"We are historians..."
Above: Hannah More, a English religious writer, philanthropist, poet and playwright associated with and buried in Wrington village.
At Wrington School, our curriculum is designed to inspire children and ignite their curiosity of learning about the past. Priority is given to developing specific historical skills to ensure knowledge is learnt, built upon and remembered. We will equip pupils with the ability to ask questions about the past, understand different points of view, to think critically, analysise evidence and develop informed judgements. Children will learn about mistakes made by societies in the past and how lessons can be learnt from such actions and events. Our curriculum is designed to be highly engaging, varied and based on the interests of our children whilst meeting the needs of all regardless of background, culture and ability.
History is delivered using a thematic approach making good use of cross- curricular links so children can make connections between all key aspects of their learning. Our long term planning develops the historical skills and concepts of Historical Interpretations; Historical Investigations; Chronological Understanding; Knowledge and Understanding of Events, People and Changes in the Past; Presenting, Organising and Communicating as required in the National Curriculum. Progression is planned carefully so that all pupils can be successful as historians by the end of year 6.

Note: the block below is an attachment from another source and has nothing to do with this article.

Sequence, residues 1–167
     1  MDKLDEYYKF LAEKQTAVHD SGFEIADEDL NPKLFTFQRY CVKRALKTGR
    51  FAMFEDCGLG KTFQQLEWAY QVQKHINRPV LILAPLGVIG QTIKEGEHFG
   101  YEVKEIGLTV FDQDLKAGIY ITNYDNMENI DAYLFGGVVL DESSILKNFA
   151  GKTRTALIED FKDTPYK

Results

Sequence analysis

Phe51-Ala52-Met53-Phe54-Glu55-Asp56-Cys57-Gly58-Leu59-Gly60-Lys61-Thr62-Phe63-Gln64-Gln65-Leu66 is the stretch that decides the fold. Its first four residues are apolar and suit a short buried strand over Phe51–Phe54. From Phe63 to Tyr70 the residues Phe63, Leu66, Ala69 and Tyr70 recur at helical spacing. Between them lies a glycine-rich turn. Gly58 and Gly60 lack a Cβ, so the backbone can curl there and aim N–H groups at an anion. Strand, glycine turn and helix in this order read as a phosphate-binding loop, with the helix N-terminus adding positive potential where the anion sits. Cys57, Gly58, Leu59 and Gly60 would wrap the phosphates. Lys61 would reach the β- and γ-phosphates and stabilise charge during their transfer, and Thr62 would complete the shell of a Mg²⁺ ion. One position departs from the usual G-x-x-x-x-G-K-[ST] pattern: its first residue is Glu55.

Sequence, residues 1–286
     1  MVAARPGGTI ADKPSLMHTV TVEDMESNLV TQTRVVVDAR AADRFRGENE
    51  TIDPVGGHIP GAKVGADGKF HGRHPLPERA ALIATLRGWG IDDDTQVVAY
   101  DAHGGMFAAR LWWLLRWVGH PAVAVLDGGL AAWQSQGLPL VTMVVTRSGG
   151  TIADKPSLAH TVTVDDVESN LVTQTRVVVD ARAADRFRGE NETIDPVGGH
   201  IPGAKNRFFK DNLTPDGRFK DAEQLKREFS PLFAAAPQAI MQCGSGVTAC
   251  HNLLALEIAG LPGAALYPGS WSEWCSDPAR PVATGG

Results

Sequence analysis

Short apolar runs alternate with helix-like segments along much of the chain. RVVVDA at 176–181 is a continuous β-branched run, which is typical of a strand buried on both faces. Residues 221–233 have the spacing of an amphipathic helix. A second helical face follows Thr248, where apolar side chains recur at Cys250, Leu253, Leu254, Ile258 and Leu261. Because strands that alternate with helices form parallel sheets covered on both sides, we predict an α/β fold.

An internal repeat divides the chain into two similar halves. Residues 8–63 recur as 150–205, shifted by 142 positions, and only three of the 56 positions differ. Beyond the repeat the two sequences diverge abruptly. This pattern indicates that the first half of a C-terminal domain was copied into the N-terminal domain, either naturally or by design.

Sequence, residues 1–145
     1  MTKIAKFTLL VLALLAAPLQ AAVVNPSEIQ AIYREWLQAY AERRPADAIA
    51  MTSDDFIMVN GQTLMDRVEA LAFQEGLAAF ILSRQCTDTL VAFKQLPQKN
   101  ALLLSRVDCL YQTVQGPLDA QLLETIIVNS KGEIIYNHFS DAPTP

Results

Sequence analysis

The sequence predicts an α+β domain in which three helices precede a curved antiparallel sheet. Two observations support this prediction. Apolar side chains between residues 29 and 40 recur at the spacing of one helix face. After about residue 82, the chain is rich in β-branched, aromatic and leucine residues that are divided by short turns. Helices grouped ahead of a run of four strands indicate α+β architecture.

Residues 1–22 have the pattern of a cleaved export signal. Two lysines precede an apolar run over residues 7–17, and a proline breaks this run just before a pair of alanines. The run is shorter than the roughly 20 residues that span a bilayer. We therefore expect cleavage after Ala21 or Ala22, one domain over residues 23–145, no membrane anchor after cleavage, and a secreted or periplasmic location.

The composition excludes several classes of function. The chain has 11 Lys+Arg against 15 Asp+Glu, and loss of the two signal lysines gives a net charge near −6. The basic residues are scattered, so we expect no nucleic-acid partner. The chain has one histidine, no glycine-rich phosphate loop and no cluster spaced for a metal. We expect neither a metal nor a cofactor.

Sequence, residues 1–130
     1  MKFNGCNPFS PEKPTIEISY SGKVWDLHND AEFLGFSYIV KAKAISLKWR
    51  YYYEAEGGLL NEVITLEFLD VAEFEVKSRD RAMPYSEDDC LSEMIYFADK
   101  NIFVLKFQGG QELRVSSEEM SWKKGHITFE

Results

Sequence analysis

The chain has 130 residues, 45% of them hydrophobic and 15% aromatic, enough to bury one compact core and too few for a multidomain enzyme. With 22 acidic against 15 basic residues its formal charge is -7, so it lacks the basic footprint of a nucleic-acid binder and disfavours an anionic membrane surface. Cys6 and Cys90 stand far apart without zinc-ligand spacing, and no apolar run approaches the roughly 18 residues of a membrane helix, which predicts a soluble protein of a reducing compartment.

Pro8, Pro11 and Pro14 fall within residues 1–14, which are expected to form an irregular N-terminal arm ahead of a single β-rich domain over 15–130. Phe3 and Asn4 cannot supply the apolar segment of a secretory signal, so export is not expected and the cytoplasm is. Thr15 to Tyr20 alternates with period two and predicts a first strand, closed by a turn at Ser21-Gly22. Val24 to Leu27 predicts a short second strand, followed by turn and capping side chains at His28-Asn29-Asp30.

Through a series of carefully planned sequence of lessons, children will acquire knowledge and subject specific vocabulary. Prior learning is built upon in each class and opportunities for revision of facts and historical understanding are further developed. We warmly welcome many visitors to the school so children can actively engage first hand in their learning both inside and outside the classroom. Where possible, we also use the local community and locality to further enhance our curriculum ensuring at all times we embrace British values, the UN’s Global Goals and our school values.
The impact of this high quality teaching and learning at Wrington will be seen through:
- pupils being able to share their knowledge, skills and enthusiasm through their pupil voice;
- pupils highly engaging in their history learning and asking questions to find out more;
- pupils taking their learning home, researching work independently, talking with parents, visiting sites of interest and sharing their further enjoyment of the subject;
- pupils’ work showing a range of topics covered in a variety of ways. (Cross-curricular links will be clear and subject specific vocabulary used. Work will be clearly differentiated as appropriate);
- the school environment reflecting the rich history curriculum through displays, photographs and resources.
- pupils reflecting on lessons learnt from history helping them to make informed decisions in the future.
Black History Month
The children have been learning individual stories about some remarkable people who changed the world in their own way despite coming across some obstacles along the way.
In Reception the children were read the true story of tv personality and Floella Benjamin (DBE) and explored her journey to England from Trinidad as part of the Windrush generation. The children learnt about some of Floella's early struggles and adjusting to life in England.
As part of Black History Month, Year 5 have been studying the amazing musician Aretha Franklin. We considered what the title of her song ‘Respect’ meant to us. We also read the book, ‘Little People, Big Dreams’ and found out all about her incredible life and her fantastic achievements. Did you know…?